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Priors and Desires: A Model of Payoff

Publication Date:
Jan 2011
Project Programs:
Behavioral Economics

Whatever a person wants to be true affects what she believes to be true, and consequently the decisions she makes. This paper introduces an axiomatic
model of decision making that allows for this possibility, and uses a number of simplifying assumptions to derive a generally applicable formal representation.
In the resulting representation the payoff in an event affects beliefs as if it were part of the evidence about its likelihood. A single parameter determines both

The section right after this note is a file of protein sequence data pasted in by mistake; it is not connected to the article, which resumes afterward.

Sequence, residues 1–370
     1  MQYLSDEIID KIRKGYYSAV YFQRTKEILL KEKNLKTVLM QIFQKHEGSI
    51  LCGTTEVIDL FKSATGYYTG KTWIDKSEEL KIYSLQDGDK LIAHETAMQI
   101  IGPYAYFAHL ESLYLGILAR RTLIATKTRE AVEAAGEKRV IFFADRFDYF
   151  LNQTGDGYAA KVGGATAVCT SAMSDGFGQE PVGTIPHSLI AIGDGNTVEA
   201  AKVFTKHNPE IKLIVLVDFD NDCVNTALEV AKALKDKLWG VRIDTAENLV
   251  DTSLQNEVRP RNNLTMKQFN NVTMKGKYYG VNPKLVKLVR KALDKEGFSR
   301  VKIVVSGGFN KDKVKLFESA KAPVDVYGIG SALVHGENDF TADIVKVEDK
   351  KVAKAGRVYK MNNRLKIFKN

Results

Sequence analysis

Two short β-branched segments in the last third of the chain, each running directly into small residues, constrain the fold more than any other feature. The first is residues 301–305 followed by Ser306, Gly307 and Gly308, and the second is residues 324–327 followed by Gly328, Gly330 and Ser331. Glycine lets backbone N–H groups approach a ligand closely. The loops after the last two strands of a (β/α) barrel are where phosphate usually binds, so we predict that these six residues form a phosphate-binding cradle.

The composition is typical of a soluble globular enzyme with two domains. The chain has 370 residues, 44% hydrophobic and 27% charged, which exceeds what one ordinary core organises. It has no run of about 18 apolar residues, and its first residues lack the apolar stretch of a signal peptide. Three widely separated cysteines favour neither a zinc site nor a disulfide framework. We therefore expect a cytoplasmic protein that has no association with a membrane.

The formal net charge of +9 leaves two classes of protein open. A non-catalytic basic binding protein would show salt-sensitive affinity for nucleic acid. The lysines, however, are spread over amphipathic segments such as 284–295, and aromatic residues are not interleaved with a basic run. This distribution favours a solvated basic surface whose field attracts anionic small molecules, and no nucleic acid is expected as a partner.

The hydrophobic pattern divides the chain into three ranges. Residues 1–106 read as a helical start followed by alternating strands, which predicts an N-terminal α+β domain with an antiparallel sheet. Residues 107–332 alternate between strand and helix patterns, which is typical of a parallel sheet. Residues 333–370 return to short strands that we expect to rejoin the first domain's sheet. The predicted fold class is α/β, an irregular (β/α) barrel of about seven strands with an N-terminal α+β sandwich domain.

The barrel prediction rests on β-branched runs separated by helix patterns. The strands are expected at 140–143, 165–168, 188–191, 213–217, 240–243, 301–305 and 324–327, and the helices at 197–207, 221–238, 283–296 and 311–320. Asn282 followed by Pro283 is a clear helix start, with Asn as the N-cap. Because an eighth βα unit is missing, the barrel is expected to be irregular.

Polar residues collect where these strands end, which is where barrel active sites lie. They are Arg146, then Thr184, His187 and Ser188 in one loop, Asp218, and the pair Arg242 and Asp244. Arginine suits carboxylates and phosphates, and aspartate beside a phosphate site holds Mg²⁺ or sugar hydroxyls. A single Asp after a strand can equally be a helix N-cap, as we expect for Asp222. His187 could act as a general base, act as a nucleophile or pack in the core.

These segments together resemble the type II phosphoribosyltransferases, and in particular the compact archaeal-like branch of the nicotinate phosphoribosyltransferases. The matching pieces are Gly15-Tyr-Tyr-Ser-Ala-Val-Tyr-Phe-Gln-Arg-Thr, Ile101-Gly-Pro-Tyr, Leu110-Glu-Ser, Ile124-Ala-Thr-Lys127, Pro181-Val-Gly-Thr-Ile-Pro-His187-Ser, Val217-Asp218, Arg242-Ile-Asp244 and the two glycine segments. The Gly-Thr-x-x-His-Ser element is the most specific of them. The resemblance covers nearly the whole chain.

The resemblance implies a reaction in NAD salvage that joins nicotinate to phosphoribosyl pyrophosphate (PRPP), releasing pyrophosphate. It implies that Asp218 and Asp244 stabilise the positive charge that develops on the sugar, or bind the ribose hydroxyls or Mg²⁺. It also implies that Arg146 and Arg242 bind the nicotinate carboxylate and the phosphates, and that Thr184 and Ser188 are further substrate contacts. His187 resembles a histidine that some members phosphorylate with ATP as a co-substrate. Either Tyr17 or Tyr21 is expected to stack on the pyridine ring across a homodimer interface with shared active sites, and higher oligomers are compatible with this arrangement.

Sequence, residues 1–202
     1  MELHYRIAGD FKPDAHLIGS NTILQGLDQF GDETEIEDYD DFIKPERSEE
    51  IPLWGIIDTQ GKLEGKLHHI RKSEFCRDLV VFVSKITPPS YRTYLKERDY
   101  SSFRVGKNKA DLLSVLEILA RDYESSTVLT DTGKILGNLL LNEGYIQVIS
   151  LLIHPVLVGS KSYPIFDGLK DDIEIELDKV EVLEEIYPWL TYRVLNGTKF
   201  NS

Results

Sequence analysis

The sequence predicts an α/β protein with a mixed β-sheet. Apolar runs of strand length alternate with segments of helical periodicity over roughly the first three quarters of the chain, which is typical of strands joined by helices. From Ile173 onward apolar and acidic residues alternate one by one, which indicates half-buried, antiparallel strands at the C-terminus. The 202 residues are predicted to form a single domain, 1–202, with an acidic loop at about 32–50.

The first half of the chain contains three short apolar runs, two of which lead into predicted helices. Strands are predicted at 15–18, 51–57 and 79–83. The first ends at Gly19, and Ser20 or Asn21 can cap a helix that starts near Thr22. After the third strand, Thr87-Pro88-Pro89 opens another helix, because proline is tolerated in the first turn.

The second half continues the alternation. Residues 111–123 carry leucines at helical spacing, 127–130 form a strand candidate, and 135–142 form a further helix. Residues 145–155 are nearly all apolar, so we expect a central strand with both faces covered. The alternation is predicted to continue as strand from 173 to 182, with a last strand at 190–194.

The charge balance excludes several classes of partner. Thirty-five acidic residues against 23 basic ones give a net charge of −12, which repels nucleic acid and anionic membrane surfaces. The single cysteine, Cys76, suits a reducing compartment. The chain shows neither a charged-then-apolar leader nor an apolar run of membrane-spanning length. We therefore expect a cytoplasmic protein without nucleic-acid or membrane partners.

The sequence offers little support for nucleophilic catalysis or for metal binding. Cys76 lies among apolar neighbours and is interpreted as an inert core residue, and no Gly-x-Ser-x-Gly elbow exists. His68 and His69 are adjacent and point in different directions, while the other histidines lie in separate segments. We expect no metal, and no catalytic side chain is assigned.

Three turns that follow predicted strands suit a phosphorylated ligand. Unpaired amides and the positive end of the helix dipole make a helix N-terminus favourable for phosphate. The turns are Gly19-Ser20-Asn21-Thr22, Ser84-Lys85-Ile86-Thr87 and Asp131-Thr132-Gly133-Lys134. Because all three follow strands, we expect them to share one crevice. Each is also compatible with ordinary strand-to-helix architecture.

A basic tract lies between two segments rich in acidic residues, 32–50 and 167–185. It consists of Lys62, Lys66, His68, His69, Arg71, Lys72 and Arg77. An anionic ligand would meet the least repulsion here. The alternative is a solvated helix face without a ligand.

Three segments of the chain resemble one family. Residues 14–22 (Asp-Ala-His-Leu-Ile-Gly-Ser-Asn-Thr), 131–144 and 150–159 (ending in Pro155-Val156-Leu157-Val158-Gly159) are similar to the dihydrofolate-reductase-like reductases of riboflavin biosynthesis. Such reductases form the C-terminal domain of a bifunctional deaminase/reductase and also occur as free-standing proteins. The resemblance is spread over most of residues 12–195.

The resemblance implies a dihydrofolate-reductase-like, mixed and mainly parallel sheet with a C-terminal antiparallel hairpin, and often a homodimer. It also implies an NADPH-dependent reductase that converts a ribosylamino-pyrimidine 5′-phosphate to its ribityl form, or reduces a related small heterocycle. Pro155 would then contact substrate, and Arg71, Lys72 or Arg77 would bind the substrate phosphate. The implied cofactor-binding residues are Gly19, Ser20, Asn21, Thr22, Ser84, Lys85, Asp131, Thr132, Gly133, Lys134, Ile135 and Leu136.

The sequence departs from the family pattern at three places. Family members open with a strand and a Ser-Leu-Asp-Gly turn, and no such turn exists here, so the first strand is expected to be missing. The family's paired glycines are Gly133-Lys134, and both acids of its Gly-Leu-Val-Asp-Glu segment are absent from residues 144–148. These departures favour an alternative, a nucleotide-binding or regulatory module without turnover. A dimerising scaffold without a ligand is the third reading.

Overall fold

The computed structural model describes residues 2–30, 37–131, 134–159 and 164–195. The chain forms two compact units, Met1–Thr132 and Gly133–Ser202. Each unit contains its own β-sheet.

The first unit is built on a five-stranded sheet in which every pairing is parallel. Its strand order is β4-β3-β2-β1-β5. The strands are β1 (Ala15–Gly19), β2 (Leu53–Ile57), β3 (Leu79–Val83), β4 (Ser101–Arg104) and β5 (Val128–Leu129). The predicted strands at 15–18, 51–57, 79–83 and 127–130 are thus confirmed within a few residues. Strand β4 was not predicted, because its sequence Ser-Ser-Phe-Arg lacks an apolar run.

the direction and weight of this `evidence', with positive values corresponding to optimism, and negative values to pessimism. Changes to the payoff consequences of an event amount to new `evidence', and can alter beliefs even in the absence of new information. The magnitude of the bias is greatest in situations that combine high stakes and great uncertainty, and is only indirectly related to the cost in poor decisions. If uncertainty cannot be readily reduced a substantial bias may remain regardless of its consequences. The model can account for a wide range of psychology evidence, including wishful thinking, cognitive dissonance, and unrealistic pessimism. Economic consequences are explored in various settings, such as the economics of crime, where increased punishment may have little or no deterrent value.

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